Greece is one of those summer hot spots my dreams take me to. I probably enjoyed Captain Corelli’s Mandolin too much – if that’s possible. The lure of the Greek islands, with their coastlines which alternate sandy coves and rocky cliffs, their waters in all the shades of blue and green, the olive groves, the ancient treasures and buildings like stacks of sugar cubes… And they’re just so varied! The Ionian and Cycladic groups are chalk and cheese, and then of course the mainland is another story entirely – maybe a chalky cheese made with sheep’s milk if we’re to continue the analogy?
I love the Mediterranean sun and the lifestyle it seems to encourage. The fresh eating late in the evening and the lazy lunches overlooking water. It’s summer holiday bliss. And I adore the romance of Greek history. So much drama and tragedy and people embarking on great quests in the name of love. And that’s the factual history as well as the dramas and mythology, which you can see here played out in ancient theatres under the stars. There’s just something timeless about Greece, both in the immediate sense, where it’s easy to lose your sense of being on the clock all the time, and in the larger sense where often years are measured in their hundreds of thousands, and yet still life continues. And the coffee is just plain excellent!
The only problem is choosing your destination. So this year I have sent a little quiz out to the Hotel Gurus to see what they recommend for a few different types of Greek holiday experience: a beach break idyll, a romantic spot, an island escape, somewhere to have fun on a budget and a cool mountain escape.
Beach Break Idyll
Halkidiki’s Antigoni Beach Resort is an elegant but affordable hotel right on one of the region’s best beaches. There are 50 light, airy rooms and suites with whitewashed walls and stunning views. Some of the suites even have private hot tubs. The hotel also has a spa, a private beach and a beautiful outdoor pool. Rooms start from around £90 per night.
Unspoiled and peaceful the Halkidiki Peninsula drapes three long fingers into the Aegean, all lushly forested and lined with white, sandy coves. Generally the beach resorts here are quite glamorous and there’s plenty to do for walkers and those interested in history. It’s also known for its beautiful wildflowers. The closest airport is Thessaloniki, which is about a three hour flight from the UK, then it’s about a 90 minute drive. Halkidiki is beautiful in spring and September, and it’s also great in summer, though it’s really popular with Greek locals too, so a lot gets booked up in advance.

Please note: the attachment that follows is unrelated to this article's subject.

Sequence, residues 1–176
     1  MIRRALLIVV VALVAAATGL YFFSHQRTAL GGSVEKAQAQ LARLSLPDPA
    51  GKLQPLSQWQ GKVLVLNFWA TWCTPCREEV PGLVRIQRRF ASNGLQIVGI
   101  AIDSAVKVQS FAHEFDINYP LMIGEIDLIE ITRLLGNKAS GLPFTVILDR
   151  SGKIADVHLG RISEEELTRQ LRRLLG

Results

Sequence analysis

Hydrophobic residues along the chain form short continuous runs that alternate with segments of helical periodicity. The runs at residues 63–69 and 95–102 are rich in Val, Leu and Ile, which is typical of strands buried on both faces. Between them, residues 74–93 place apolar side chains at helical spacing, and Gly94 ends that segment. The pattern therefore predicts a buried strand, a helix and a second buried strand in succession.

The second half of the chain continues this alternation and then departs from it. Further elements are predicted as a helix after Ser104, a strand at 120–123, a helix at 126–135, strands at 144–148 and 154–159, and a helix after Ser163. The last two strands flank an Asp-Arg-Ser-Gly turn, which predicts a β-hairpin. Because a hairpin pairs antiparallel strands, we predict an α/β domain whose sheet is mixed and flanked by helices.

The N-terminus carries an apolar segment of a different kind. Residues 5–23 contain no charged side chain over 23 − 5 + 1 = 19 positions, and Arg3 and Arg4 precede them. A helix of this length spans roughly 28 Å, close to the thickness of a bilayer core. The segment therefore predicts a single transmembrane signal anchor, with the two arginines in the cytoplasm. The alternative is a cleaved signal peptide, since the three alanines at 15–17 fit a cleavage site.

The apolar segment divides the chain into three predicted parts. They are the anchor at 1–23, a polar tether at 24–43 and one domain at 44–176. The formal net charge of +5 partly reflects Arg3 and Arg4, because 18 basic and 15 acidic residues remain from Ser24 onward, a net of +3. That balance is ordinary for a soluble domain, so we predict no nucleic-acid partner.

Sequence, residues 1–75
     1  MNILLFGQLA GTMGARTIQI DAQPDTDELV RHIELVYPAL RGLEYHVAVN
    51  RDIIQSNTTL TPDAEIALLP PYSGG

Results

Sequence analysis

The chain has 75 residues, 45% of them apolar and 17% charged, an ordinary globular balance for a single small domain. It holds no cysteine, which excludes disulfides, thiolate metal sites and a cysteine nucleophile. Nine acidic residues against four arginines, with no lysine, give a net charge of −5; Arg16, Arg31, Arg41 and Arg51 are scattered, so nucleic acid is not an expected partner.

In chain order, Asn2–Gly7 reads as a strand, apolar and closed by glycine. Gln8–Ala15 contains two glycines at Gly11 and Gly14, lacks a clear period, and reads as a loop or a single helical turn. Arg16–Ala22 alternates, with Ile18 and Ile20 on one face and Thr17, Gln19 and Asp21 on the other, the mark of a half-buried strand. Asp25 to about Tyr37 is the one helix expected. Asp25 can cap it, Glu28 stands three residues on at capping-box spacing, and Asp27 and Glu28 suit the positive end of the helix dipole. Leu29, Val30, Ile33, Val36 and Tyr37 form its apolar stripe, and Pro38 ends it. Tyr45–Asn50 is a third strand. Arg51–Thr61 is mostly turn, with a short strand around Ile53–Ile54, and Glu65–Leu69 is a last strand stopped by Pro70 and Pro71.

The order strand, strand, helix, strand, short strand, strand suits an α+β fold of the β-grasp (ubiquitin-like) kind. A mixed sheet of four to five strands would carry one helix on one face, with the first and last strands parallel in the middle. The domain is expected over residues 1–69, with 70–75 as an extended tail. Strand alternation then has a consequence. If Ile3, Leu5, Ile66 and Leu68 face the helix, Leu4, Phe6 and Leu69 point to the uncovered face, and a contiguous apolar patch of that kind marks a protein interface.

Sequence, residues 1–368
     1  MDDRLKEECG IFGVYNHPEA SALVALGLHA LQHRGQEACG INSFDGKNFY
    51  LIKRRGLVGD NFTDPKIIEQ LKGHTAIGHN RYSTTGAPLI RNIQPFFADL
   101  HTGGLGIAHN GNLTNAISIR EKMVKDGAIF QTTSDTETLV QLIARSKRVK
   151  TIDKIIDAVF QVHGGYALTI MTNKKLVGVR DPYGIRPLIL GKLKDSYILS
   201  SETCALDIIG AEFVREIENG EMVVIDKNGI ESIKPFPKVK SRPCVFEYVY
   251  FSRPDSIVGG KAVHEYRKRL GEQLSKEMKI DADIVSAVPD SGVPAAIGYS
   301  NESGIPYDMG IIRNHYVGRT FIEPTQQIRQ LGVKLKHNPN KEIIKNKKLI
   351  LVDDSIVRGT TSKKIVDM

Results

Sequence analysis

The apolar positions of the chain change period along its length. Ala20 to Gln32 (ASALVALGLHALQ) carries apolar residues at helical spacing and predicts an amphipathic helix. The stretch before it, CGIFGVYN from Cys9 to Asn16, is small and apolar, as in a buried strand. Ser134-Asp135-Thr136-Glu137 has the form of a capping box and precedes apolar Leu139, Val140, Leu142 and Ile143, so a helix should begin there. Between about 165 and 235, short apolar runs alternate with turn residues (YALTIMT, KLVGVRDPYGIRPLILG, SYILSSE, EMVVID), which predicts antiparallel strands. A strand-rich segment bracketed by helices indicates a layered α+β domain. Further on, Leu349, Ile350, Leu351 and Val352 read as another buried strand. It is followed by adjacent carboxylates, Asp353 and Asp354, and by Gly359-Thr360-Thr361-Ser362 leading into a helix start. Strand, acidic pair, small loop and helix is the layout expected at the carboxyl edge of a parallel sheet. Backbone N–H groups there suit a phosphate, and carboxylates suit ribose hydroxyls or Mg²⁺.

With Romance in Mind
The F Zeen Retreat on Kefalonia is a romantic hotel perched on a hill overlooking a beautiful, white sandy beach. Its 25 rooms are designed to inspire calm, and they have lovely balconies. Plus there’s a glorious spa and a very nice pool area. Rooms start from around £120 per night.
It was Captain Corelli’s Mandolin which put Kefalonia, largest of the Ionian Islands, on many people’s travel radar. But even the island’s recent popularity hasn’t decreased the rural charm of the pretty villages or the unspoiled sands or waters of the numerous almost-perfect beaches. Monarch and Thompson operate charter flights from Birmingham, Bristol, Cardiff, Gatwick, Luton, Manchester, Newcastle and Stansted, then it’s a good idea to hire your car from the airport. Summer is Kefalonia’s busiest time, when maximum temperatures are in the high 20s, but come autumn the sea is usually still quite warm, so if you’re looking for a deal this might be when to travel.